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Behavioral Adaptability

English title Behavioral Adaptability
Applicant Schmid Mast Marianne
Number 184858
Funding scheme Project funding
Research institution Département de comportement organisationnel Faculté des HEC Université de Lausanne
Institution of higher education University of Lausanne - LA
Main discipline Psychology
Start/End 01.09.2020 - 31.08.2024
Approved amount 591'754.00
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Keywords (4)

communication; nonverbal behavior; interpersonal behavior; social perception

Lay Summary (French)

Lead
Être un caméléon : Lorsque l'adaptation de son comportement à un interlocuteur est bénéfique
Lay summary
Lorsque nous interagissons avec d'autres personnes, nous modifions souvent notre comportement afin d'accommoder nos interlocuteurs. Nous parlons plus lentement à un petit enfant qu'à un adulte. Nous encourageons un ami qui se trouve dans une situation difficile en le rassurant et un autre en lui donnant des conseils sur la manière d'aborder le problème. Nous transmettons les mêmes mauvaises nouvelles de manière différente selon les personnes à qui nous parlons. Des recherches préliminaires montrent que l'adaptation du comportement d'une personne en fonction de ce que l'interlocuteur attend ou de ce que la situation demande, est liée à de meilleurs résultats d'interaction. Nous appelons adaptabilité comportementale (BA) la capacité à changer son comportement d'interaction sociale en fonction de l'interlocuteur et de la situation sociale. À ce jour, nous avons des connaissances limitées sur la façon dont l'adaptabilité comportementale affecte les résultats des interactions sociales et sur la façon dont les personnes qui font preuve d'adaptabilité comportementale sont perçues. Notre recherche nous permet de mieux comprendre comment les gens interagissent dans des situations sociales et quels sont les facteurs qui contribuent à de meilleurs résultats d'interaction, ce qui est pertinent pour l'éducation, la formation et les interactions sociales quotidiennes.
Direct link to Lay Summary Last update: 01.05.2020

Lay Summary (English)

Lead
Being a chameleon: When adapting one's behavior to the social interaction partner is beneficial
Lay summary
When interacting with others, we often change our behavior to accomodate our social interaction partners. We talk more slowly to a young child than to an adult. We encourage one friend in a difficult situation by reassuring him and another by providing guidance on how to tackle the problem. We convey the same bad news differently depending on whom we talk to. There is preliminary research showing that adapting one’s behavior according to what the social interaction partner calls for or what a social situation affords, is related to better interaction outcomes. We call behavioral adaptability (BA) the capacity to change one's social interaction behavior according to the social interaction partner and the social situation. To date we have limited knowledge about how BA affect interaction outcomes and how people who show BA are perceived. This research advances our understanding of how people interact in social situations and which factors contribute to better interaction outcomes which is relevant for education, training, and daily social interactions.
Direct link to Lay Summary Last update: 01.05.2020

Responsible applicant and co-applicants

Employees

Associated projects

Number Title Start Funding scheme
197479 Storytelling and first impressions in face-to-face and algorithm-powered digital interviews 01.02.2021 Project funding
159292 Interpersonal Accuracy of Leaders: Effects on Interpersonal Behavior and Interaction Outcomes 01.03.2016 Project funding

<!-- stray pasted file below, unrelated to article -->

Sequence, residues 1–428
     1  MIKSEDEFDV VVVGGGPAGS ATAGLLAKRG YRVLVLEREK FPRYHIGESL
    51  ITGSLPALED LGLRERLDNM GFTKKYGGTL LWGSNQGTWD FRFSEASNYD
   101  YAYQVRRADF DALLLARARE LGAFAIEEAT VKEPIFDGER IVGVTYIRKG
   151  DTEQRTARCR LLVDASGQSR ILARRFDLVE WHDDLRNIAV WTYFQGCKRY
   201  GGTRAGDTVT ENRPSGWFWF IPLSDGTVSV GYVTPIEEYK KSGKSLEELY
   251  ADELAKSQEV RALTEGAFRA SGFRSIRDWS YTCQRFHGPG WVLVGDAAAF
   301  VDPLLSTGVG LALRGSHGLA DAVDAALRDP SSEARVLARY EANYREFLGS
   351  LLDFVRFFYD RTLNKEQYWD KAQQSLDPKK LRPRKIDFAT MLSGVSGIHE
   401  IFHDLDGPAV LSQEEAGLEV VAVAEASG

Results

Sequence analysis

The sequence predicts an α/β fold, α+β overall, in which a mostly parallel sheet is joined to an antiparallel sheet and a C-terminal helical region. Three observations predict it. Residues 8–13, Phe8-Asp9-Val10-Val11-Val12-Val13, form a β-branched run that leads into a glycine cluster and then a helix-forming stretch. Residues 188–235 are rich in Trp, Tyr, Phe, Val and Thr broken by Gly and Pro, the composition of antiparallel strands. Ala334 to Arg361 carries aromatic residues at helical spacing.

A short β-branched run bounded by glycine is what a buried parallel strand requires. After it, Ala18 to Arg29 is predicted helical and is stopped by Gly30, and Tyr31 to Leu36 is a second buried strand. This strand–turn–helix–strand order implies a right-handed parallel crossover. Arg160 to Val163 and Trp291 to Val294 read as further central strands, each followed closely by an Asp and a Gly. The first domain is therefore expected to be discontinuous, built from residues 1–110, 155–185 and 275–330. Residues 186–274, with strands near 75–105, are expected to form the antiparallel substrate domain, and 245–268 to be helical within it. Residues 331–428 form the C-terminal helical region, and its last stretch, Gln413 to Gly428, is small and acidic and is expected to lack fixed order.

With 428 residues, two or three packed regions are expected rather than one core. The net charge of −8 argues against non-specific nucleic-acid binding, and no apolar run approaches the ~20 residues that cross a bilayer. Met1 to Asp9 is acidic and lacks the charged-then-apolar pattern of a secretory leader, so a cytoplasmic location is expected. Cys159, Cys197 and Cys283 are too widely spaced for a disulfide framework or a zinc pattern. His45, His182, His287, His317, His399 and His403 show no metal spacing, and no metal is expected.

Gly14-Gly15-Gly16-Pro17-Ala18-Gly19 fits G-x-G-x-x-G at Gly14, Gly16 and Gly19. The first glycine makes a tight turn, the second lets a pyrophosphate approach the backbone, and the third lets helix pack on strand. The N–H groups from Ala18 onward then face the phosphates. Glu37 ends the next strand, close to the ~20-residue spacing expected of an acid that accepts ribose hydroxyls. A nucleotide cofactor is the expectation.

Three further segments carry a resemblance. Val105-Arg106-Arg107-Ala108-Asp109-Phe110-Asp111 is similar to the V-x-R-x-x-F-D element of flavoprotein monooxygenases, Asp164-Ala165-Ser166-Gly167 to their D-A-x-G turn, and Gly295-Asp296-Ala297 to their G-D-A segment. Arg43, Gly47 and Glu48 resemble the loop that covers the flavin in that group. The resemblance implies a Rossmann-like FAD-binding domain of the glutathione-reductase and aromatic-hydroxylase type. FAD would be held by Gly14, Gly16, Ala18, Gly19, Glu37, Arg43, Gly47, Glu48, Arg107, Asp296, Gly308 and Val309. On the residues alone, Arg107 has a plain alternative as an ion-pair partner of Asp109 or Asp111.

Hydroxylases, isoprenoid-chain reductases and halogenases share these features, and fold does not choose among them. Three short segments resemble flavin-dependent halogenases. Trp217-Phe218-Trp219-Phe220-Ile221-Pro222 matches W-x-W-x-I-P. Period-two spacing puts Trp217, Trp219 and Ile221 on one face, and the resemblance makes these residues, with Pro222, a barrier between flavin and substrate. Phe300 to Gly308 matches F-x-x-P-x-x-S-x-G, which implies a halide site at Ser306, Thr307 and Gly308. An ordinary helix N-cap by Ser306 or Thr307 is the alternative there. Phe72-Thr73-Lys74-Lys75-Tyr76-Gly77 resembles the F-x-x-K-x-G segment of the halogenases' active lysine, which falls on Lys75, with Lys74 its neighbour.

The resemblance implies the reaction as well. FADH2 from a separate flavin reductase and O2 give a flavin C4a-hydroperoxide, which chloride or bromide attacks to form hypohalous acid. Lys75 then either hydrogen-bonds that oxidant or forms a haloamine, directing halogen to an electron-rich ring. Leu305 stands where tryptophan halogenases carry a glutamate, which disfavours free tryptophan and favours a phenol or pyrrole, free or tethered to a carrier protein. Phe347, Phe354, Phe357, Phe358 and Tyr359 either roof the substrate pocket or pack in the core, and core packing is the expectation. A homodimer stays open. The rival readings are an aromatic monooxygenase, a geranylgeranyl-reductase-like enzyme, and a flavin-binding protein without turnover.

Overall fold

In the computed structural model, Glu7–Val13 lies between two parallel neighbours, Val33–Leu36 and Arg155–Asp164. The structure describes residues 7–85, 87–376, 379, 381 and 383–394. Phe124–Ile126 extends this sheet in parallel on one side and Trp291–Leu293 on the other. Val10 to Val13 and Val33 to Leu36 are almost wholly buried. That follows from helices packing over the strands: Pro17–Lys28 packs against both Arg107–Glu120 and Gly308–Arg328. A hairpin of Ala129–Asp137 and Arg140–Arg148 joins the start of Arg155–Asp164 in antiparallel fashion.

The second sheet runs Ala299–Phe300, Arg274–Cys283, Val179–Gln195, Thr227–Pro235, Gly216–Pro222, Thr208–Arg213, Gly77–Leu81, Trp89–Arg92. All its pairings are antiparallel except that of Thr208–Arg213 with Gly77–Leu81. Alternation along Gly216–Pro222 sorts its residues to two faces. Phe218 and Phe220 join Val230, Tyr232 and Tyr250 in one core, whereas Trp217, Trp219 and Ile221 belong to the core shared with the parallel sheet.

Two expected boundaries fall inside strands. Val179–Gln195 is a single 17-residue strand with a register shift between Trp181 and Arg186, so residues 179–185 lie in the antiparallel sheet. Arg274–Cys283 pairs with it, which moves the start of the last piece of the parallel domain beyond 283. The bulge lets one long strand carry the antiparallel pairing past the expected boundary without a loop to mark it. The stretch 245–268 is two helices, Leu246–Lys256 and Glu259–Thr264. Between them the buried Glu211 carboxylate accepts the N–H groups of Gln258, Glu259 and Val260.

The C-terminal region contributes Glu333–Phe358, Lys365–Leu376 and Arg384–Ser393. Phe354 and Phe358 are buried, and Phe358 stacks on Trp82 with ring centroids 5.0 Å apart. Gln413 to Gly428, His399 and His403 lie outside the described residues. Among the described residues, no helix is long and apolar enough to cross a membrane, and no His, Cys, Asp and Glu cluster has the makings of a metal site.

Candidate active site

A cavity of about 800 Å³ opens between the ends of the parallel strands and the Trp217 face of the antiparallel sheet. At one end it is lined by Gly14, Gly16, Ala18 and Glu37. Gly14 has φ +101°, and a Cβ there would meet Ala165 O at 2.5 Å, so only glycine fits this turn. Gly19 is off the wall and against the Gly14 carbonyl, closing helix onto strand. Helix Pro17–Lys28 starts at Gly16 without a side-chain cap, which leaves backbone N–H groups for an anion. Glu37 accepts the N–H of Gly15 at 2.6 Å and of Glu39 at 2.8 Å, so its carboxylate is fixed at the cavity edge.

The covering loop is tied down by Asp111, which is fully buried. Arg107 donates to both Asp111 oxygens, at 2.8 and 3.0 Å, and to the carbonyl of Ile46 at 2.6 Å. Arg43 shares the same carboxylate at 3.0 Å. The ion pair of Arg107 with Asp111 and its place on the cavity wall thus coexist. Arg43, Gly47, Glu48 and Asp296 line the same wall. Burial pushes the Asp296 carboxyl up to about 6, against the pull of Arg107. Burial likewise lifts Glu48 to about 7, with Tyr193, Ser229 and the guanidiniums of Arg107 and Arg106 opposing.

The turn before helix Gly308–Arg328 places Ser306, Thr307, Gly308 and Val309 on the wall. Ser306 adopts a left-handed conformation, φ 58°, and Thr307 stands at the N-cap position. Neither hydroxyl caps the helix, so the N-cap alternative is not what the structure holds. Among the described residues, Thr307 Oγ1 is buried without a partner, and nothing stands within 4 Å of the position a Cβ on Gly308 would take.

Abstract

When interacting with others, we often change our behavior according suit our interaction partners. We talk more slowly to a young child than to an adult. We encourage one friend in a difficult situation by reassuring him and another by providing guidance on how to tackle the problem. We convey the same bad news differently depending on whom we talk to. In short, we adapt our behavior to our interaction partners. This is what is called behavioral adaptability (BA). There is preliminary research (Carrard, Schmid Mast, Jaunin-Stalder, Junod Perron, & Sommer, 2017) showing that adapting one’s behavior according to what the social interaction partner calls for or what a social situation affords, is related to better interaction outcomes. In order to be behaviorally adaptive, a person has to know how the different interaction partners “function” and existing research has shown that being able to correctly assess others is related to show more BA, at least in women (Carrard et al., 2017; Palese, Schmid Mast, & Bachmann, 2018). However, knowledge of others is not sufficient to show BA, a person also needs to be motivated to show BA. The motivational aspect of BA has not yet been studied. In the here proposed research, the goal is to better understand how motivational factors affect BA. More specifically, we will test how the type of social relationship (e.g., be dependent on the social interaction partner or not) and interaction goals (e.g., making a good first impression, obtaining interaction partner satisfaction, or increasing interaction partner performance) affect BA. Intuitively, one thinks that BA leads to better interaction outcomes. We will test how type of social relationship and interaction goals affect BA and interaction outcomes and whether BA is responsible for the variance in interaction outcomes.In a series of 5 experimental studies, we address the gaps in the existing research on BA and we systematically test the effects of type of social relationship and interaction goals on BA. In all studies, we assess BA by videotaping how a person behaves toward several different interaction partners (minimum 2 different people). We then code to what extent the behavior of the person was adaptive given what each of the interaction partners required. For instance, if one interaction partner performs best under a participative leadership style and another interaction partner best under a directive leadership style, the extent to which a person shows those behaviors specifically to these interaction partners (instead of showing only participative behavior towards both, for instance), is BA. In the 5 studies we assess how BA affects different types of outcomes such as interaction partner satisfaction and interaction partner performance. We also investigate whether differences in interaction outcomes can be explained by BA. Moreover, we test whether BA occurs more on the verbal or nonverbal level and which of these two aspects is more strongly related to better interaction outcomes. And, we examine how people who show BA are perceived and evaluated by others. This research not only advances our understanding of how people interact in social situations and which factors contribute to better interaction outcomes which is relevant for education, training, and daily social interactions; it also advances the research field of person perception in social psychology in that it adds the behavioral component to the perception. Knowing how we perceive others and whether those perceptions are accurate is important and well-studied, but researchers need to go a step further and look at what behavior people show when perceiving others and how this behavior affects how the interaction unfolds and the result of the interaction (interaction outcome).